1st MIBARS In Vietnam!

Enlisted Command Support

Commanding Officer's Immediate Support Staff

Photo: supply clerk in "B" Detachment's supply room on the I Corps Compound

Photo Credit: MIV

Above:  An assistant to the supply sergeant is pictured in the secured supply room at the rear of the building on the I Corps Compound used for "B" Detachment's headquarters offices.  M-14 Rifles not issued to individual troopers were secured in locked gun racks, shown in the background of this photo.

First Sergeant and Supply Sergeant

Photo: "B" Detachment's First Sergeant during early 1967, seated at his desk in the detachment's orderly room on the I Corps Compound

Photo Credit: MIV

Photo: "B" Detachment supply sergeant works with manual typewriter, assisted by supply clerk, in mid-1967

Photo Credit: MIV

Above:  "B" Detachment's First Sergeant  during the latter part of 1966 and for much of 1967.  Often referred to as a unit's "Top," "Top Soldier" or "First Shirt," the First Sergeant was pivotal to the effective operation of any unit.

If "B" Detachment had a bona fide hero in 1967, it was this man whose quick action averted possible injury or worse to members of the Detachment.  He stepped forward without hesitation one night in the enlisted billets to re-insert a safety pin that had been impulsively -- but not maliciously -- removed from a live fragmentation grenade by a then panicked and shaking young trooper.  Afterwards, the errant soldier accepted responsibility for his actions and was reassigned out of "B" Detachment, while the First Sergeant completed his tour with the same square jaw and steely-eyed stare pictured above.

Above:  "B" Detachment's Supply Sergeant, shown with a Supply Clerk, managed property and supply functions.  This efficient and mild-mannered senior non-commissioned officer was a true role model and was respected by all members of the complement.

Photo Credit: MIV

Above:  Forty years after service in Vietnam, two veterans of "B" Detachment and the Hand-held Camera Program meet at the Vietnam Veterans Memorial in Washington, D.C. to remember Staff Sergeant Alderman C. West.

Other Key Support Staff

Photo: Detachment clerk works on a manual typewriter in the orderly room

Photo Credit: MIV

Photo: "B" Detachment's orderly room on the I Corps Compound in 1967

Photo Credit: MIV

Above, Left:  "B" Detachment's administrative clerk was key in the generation of  the unit's paperwork -- particularly orders pinning down a soldier's DEROS (date of expected return from overseas) for reassignment back to the United States.  Above, Right:  Inside view of "B" Detachment's Orderly Room, with the administrative clerk entering the front door.  A water cooler is visible in the background, with a dark bottle of salt tablets attached to a board at its left.  Just below the Detachment Clerk is a plywood gate, secured by a long spring nailed to its inside surface, that allowed access to the area occupied by the First Sergeant for those who worked with him but blocked others.  The dark box to the left of the gate, with the hasp and padlock, is the mail drop, the slot being in the center of the top.  In the center, in the wall cut-out, are the slotted "distribution boxes" where Section Chiefs and other key personnel picked up mail and documents.  A trooper appears to be removing material from the second box as this picture was taken.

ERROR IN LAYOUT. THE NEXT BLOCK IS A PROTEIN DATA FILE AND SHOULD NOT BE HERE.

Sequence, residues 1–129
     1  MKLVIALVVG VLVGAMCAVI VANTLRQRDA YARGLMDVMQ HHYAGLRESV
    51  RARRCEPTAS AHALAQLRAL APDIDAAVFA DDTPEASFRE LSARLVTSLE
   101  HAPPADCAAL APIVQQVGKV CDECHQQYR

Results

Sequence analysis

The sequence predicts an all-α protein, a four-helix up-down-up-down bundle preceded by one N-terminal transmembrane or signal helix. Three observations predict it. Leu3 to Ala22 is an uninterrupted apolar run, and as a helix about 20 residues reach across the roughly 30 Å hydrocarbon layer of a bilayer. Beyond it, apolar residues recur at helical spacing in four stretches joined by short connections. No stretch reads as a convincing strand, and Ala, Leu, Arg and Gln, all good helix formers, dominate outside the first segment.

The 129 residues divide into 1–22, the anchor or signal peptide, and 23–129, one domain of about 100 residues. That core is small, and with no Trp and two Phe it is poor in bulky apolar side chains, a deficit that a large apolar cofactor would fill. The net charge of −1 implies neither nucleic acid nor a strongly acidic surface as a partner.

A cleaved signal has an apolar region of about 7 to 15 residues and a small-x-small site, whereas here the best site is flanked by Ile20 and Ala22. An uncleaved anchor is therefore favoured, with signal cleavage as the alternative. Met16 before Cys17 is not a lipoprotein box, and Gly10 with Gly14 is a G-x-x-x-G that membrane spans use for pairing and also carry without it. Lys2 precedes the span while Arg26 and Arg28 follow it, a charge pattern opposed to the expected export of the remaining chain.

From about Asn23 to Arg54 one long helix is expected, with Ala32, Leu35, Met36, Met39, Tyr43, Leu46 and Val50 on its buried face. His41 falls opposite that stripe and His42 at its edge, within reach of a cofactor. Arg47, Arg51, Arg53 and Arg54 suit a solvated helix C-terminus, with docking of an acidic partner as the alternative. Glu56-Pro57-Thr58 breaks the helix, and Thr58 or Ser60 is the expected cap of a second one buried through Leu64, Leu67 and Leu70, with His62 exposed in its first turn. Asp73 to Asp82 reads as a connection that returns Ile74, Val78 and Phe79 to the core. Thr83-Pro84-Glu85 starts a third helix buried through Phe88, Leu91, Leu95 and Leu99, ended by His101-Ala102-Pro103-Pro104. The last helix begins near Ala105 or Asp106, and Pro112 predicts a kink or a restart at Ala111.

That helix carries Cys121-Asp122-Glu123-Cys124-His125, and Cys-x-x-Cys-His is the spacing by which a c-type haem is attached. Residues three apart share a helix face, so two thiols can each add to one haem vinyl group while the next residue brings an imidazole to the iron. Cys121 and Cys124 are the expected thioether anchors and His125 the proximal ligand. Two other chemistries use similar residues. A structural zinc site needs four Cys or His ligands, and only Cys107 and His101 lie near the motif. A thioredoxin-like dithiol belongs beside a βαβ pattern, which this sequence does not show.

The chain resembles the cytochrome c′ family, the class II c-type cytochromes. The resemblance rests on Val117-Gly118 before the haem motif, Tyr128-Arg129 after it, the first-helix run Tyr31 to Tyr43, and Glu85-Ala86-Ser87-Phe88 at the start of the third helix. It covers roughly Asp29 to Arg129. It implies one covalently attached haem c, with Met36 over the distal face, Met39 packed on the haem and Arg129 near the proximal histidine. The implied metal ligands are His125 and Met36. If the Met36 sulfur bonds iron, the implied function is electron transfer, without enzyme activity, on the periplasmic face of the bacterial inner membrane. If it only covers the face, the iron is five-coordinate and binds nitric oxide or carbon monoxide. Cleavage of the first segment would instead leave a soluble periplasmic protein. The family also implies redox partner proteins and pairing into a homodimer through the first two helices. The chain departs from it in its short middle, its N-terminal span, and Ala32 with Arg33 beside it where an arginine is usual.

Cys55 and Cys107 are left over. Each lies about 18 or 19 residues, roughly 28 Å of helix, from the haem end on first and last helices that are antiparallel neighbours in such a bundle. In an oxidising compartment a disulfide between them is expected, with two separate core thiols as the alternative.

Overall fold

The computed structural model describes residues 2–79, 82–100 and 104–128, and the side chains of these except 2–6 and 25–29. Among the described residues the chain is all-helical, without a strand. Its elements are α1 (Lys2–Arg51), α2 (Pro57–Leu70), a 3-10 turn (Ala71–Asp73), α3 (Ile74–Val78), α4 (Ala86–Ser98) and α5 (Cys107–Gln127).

Photo: "B" Detachment's motor sergeant checks the oil on an M-151 Jeep vehicle

Photo Credit: MIV

Photo: motor maintenance area, showing the large trailer used for parts and equipment and the carport constructed to provide shelter when vehicles were being repaired

Photo Credit: MIV

Above. Left:  "B" Detachment's "motor sergeant" -- the man who in 1967 kept the trucks rolling and the generators and other mechanicals spinning.  These mechanics were not always sergeants in rank, just as the "crew chiefs" of the Delivery Platoon worked alone and without a crew.  While there were some centralized heavy maintenance and repair facilities in DaNang, it was the unit motor sergeant whose attention to day-to-day maintenance and mechanical issues minimized field generator and vehicle "down time," ensuring continuous and reliable electric power to the windowless Tactical Imagery Interpretation Facility (TIIF) and to the Reproduction Section's ES-38A Mobile Darkroom Facility.  No less important was the availability of  reliable motor transportation for the detachment commander and section personnel.  Above, Right:  "B" Detachment's "motor pool," essentially a site-built carport sitting atop a hard stand made from a large square of perforated steel plating and nestled up to a heavy trailer.  The trailer was compartmentalized to accommodate tools, materials and spare parts and -- of course -- a refrigerator.  This particular motor sergeant was quite adept in at mechanics and capable of ensuring proper maintenance of -- and making a wide range of light and heavy repairs to -- the Detachment's equipment.  

Photo: motor sergeant and kibbitzers doing a brake job on a Jeep

Photo Credit: Bob Crowell, "B" Detachment, Delivery Platoon, 1966-1968

Above:  The motor sergeant perhaps getting some help and free advice  while doing a brake job on a "B" Detachment M-151 General Purpose ("GP" or "Jeep") Vehicle.  The M-151 Jeep's suspension made it prone to roll over in high-speed or abrupt turns, and the vehicle had to be handled with care.

Commanding Officers

Mission Leads/Delivery Platoon

Non-Commissioned Officers

Troopers I

Troopers II

Constructed Roster

"B" Detachment 101

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